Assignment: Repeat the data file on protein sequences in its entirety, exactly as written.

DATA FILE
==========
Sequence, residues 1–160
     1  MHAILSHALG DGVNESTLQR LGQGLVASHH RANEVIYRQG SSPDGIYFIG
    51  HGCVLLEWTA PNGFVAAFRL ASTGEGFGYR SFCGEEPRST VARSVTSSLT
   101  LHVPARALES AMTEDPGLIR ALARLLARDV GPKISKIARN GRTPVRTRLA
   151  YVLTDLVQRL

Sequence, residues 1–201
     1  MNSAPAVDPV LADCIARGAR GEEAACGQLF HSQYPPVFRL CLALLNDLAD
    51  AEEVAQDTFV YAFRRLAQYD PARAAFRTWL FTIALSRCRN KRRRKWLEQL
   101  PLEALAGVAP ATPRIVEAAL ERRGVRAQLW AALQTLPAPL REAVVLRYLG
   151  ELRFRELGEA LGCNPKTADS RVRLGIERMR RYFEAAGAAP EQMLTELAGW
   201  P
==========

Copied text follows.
Sequence, residues 1–160
     1  MHAILSHALG DGVNESTLQR LGQGLVASHH RANEVIYRQG SSPDGIYFIG
    51  HGCVLLEWTA PNGFVAAFRL ASTGEGFGYR SFCGEEPRST VARSVTSSLT
   101  LHVPARALES AMTEDPGLIR ALARLLARDV GPKISKIARN GRTPVRTRLA
   151  YVLTDLVQRL

Sequence, residues 1–201
     1  MNSAPAVDPV LADCIARGAR GEEAACGQLF HSQYPPVFRL CLALLNDLAD
    51  AEEVAQDTFV YAFRRLAQYD PARAAFRTWL FTIALSRCRN KRRRKWLEQL
   101  PLEALAGVAP ATPRIVEAAL ERRGVRAQLW AALQTLPAPL REAVVLRYLG
   151  ELRFRELGEA LGCNPKTADS RVRLGIERMR RYFEAAGAAP EQMLTELAGW
   201  P